You know you’re studying to become a psychologist when…


  • You catch yourself identifying the automatic thoughts and core beliefs of soap opera characters
  • You use WISC/WAIS/WIAT/WMS/WPSI (intelligence, memory and achievement tests) as verbs, i.e. I’m WISCing today
  • Your clinical psychology “handbook” text would give the Gutenberg bible a run for its money, it’s huge!
  • You know what Dx, Ax and Rx mean
  • You’ve actually used the phrase “so what brings you here today?”
  • You know your psychological ABCs
  • You’re in touch with ‘what’s in’ with primary and high school kids again
  • People start asking you to weigh in about all sorts of things i.e. schooling, parenting, relationships, work etc., with “great power” comes great responsibility
  • Your class-size has shrunk from 150 to 15.
  • You understand percentile ranks
  • You know that we don’t actually “psycho-analyse” everyone we meet!
  • You realise that designing a therapy program is equal parts theory and creativity
  • You know who Padesky, Carr and Sattler are
  • You paraphrase, reflect and validate during  everyday conversations
  • The number of acronyms you know has increased exponentially: GAD, SAD, BD, PD, CD, ACT, ECT, CBT, FAB, DSIQ, PRI, VCI, DMI, RCT, I/C…
  • Everyone who knows you offers to be one of your clients, a great boost for the morale, until you have to explain to them why they can never be your clients!
  • You’ve endured watching tapes of yourself conducting assessments and therapy
  • You know what the NICE and the Cochrane Collaboration are
  • You’ve practised what you’re (learning to) preach i.e. meditation, behavioural experiments etc. because you can’t really ask a client to do anything you wouldn’t!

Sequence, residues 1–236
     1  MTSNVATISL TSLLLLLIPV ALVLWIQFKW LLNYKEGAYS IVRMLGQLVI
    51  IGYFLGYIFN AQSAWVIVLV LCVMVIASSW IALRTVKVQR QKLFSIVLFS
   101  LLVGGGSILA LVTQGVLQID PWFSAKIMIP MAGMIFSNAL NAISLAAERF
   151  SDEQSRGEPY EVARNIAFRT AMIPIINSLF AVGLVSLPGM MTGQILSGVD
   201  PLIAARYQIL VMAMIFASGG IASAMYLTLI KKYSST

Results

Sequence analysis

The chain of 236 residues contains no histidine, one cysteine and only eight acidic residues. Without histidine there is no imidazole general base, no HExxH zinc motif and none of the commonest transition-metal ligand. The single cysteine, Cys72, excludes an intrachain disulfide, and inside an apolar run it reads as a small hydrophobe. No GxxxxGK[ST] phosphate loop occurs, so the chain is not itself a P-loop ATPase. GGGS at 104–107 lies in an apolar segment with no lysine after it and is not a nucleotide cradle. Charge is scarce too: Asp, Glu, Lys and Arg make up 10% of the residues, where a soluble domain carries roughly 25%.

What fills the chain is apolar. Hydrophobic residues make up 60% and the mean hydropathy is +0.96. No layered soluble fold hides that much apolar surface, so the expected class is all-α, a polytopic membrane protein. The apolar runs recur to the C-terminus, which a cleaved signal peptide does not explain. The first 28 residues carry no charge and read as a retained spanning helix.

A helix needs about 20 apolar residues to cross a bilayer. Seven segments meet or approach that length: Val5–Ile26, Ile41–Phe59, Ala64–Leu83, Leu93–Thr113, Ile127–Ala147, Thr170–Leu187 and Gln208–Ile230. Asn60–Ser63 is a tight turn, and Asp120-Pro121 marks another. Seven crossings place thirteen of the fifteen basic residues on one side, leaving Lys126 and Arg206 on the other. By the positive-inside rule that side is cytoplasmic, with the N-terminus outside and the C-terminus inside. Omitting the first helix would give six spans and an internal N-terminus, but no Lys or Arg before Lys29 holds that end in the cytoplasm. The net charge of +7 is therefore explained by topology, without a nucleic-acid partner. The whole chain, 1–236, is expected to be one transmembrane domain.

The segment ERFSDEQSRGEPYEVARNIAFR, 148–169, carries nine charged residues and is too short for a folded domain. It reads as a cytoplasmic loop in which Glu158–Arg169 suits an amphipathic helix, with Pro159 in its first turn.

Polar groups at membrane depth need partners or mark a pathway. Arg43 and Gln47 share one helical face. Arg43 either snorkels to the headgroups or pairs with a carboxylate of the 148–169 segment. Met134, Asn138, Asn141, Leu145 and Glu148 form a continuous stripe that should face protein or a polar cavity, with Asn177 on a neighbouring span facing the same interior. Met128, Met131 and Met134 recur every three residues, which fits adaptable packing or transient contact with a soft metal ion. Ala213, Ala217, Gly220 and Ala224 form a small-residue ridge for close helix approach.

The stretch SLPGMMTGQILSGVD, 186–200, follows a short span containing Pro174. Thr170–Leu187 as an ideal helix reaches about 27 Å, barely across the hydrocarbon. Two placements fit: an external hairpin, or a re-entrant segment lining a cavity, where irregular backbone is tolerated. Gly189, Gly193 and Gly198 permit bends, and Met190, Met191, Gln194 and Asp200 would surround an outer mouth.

• You won’t be selling your textbooks at the end of the year because you’ll be using them for years to come
  • You have an opinion about the DSM-5
  • You start collecting therapy resources
  • If you’re doing a Clinical PhD, you always have to explain what that actually is
  • You’ve discovered that as with any health profession, there’s a lot of paperwork involved
  • People don’t ask you what the difference between psychology and psychiatry is any more 
  • You have muscles from carrying psych tests around – you really could make a mint designing “Lite” versions!
  • You’ve sat behind a one-way mirror
  • And if my experiences are anything to go by, you get to hang out with a really perceptive and caring bunch of people from all walks of life

Anything to add?

A photo of a group conducting psychotherapy.

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Filed under A bit of fun, A day in the life, classes, Clinical Phd, Practice

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